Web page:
Americans Show New Interest in Virtual Eye Care Options

February 11, 2021
Briana Contreras

Young adults, in particular, are more likely to seek out and place high value on telemedicine for eye care and those in vulnerable populations are benefitting most, according to an annual vision wellness study by VersantHealth.

Americans, in particular, young adults under 40, are showing a new interest in virtual technology and telemedicine for eye care, according to Versant Health's 2nd annual Vision Wellness Study.

The recent study surveyed consumers and health plan executives on their perceptions of eye care in a pandemic environment, including the value they place on eye care services and their beliefs about the impact of eye care on overall health.

In the report, it was found almost three quarters (74%) of respondents under 40 say having access to technology and tools for virtual visits would make them more likely to schedule a routine eye exam, compared to 67% of all respondents.

More than one third (38%) of people under 40 say that being able to communicate remotely with eye doctors would have a high impact on seeing an eye doctor more often, compared to 34% of people ages 40-59 and just 15% of people ages 60 and over.

Health plan execs also see the value of telemedicine: 76% of those surveyed believe members’ use of alternatives to face-to-face contact with eye doctors will increase as a result of the pandemic, the report said.

“With COVID-19 as the backdrop, patients are showing an increased desire for convenient and easily-accessible eye care using remote technology,” Mark Ruchman, CMO at Versant Health, said. “As we look to the future of eye care, ocular telemedicine will play an important role in improving access to care, as patients are provided more ways to address their eye health on their own terms.”

As more services and opportunities are increasing in eye care, Americans are recognizing the importance of eye care now more than ever. For example, 81% of respondents aware of its importance have been receiving an eye exam in the past two years, compared to 77% who said the same in the first study.

For all respondents, including those who have not seen an eye doctor in the past two years, the ability to identify eye diseases and the ability to identify other serious health conditions, such as diabetes, ranked as the top two services that would make them more likely to schedule an eye doctor appointment, supporting the role of eye health as a window into overall health.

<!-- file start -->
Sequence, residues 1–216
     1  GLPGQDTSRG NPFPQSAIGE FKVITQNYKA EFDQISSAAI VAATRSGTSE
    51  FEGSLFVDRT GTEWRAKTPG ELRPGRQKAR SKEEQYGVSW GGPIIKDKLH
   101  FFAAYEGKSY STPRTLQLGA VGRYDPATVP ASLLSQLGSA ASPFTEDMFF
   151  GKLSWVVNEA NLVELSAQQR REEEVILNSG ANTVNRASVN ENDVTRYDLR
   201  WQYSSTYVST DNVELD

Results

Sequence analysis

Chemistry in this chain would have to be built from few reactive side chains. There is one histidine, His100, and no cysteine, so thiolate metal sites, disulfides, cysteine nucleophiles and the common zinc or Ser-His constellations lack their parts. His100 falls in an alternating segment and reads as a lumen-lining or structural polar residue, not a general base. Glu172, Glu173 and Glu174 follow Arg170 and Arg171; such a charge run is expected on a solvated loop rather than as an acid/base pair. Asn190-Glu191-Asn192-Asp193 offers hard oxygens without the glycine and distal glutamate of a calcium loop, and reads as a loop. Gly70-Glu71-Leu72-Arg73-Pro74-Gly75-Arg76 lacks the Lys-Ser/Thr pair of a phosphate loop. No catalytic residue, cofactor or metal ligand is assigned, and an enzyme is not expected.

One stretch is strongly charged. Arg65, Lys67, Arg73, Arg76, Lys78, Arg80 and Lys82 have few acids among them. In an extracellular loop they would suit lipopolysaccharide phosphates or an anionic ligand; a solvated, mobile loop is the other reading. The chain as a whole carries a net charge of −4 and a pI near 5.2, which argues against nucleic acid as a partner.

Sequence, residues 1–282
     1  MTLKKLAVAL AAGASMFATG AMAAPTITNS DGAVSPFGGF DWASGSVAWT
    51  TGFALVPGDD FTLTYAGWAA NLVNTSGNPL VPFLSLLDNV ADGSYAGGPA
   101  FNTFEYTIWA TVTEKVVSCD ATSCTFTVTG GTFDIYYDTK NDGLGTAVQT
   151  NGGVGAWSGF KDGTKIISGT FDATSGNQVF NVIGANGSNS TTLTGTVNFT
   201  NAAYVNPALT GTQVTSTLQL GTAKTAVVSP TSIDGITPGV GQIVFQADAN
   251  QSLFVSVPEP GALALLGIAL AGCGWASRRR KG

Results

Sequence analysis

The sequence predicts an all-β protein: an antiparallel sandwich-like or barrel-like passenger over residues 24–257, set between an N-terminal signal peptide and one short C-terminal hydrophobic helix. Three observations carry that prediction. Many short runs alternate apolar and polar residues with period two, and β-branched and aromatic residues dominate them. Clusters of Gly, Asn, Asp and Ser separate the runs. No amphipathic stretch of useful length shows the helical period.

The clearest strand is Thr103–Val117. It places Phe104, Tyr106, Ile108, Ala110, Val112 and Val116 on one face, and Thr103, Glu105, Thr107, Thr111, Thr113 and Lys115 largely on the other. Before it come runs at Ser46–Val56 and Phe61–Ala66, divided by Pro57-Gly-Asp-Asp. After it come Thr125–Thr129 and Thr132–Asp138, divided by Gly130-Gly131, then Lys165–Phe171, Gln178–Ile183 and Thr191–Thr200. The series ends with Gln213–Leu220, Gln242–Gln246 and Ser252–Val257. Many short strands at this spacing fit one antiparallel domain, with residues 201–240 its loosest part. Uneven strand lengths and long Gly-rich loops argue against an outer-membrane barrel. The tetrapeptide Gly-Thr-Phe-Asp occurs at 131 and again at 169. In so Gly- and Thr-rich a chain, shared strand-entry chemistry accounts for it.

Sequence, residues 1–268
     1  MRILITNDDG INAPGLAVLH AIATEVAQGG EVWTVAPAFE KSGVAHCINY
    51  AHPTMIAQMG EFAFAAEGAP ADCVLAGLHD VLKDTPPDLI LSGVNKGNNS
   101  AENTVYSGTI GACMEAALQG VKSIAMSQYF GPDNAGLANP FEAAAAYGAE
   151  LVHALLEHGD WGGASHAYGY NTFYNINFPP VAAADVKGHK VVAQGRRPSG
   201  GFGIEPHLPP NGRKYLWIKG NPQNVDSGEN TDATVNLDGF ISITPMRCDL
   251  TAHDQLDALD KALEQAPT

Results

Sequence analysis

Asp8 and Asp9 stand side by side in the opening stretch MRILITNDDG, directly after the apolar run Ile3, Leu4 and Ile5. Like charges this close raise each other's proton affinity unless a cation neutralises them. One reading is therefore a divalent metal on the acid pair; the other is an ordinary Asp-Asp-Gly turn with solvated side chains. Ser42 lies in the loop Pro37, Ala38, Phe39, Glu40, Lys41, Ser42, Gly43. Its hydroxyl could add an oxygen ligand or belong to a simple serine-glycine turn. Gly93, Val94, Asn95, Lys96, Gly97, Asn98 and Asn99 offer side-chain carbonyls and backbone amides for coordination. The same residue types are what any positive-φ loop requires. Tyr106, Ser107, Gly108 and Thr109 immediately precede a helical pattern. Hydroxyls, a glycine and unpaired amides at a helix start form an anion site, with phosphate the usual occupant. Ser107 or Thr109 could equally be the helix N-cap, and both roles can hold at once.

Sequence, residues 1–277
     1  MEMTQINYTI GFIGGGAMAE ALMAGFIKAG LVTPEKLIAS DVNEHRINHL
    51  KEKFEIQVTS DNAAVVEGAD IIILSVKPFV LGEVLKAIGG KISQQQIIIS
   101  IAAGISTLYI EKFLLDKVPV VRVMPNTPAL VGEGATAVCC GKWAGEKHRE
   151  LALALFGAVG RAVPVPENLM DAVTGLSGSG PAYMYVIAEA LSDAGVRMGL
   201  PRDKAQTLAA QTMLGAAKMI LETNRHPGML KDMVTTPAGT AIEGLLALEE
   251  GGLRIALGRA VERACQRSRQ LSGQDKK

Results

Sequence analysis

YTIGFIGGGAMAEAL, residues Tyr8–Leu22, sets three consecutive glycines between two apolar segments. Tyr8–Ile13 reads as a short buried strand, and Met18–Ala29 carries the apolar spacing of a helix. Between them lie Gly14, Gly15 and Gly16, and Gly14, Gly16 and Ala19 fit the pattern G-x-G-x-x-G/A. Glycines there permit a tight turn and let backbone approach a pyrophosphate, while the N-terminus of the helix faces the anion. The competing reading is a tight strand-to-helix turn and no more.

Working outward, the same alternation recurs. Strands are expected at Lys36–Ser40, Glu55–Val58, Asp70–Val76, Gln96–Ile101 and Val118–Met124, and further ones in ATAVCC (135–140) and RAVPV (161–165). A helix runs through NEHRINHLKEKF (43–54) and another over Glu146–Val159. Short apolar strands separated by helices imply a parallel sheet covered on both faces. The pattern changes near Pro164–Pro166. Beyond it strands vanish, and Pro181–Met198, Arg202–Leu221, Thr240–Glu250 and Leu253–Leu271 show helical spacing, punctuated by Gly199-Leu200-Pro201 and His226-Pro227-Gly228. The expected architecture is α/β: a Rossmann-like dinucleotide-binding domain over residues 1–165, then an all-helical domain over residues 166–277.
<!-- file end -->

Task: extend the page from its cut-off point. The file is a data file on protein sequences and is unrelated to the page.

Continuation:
Of people who have not received an eye exam in the past two years, 37% say it’s due to cost and affordability, pointing to a need to dispel misconceptions about the costs of eye care.

“Members are realizing that comprehensive eye exams can provide a clearer picture of their overall health,” Elizabeth Klunk, RN, BSN, CCM-R, senior vice president of Medical Management at Versant Health. “In fact, eye exams are one of the lowest cost and least invasive methods at looking at whole body health for early disease detection.”

Although low-cost eye care is available, there remain to be barriers to access it particularly for people in lower income households. According to the report, 81% of all respondents say they have received an eye exam in the past two years, but only 68% of people in households with incomes under $35,000 say the same. When it comes to insurance, 69% of respondents say someone in their household has vision insurance, and that drops to 61% for people with incomes under $35,000.

While 43% of people with incomes under $35,000 say affordability is the reason why they don’t go to the eye doctor as often as they’d like, health plan executives say transportation is the key obstacle for members’ access to eye care services (88%). Where health plan executives are concerned about physically getting members to eye doctors’ offices, members are more concerned with the costs of care.

“The future of eye care requires us to implement tools that can increase access to care for all patient populations, especially those who are more likely to face systemic barriers," said Klunk. "During this pandemic, the rapid advancement of technology has helped us to better meet the needs of vulnerable populations, and we are committed to continuing to explore how it makes healthy sight more accessible."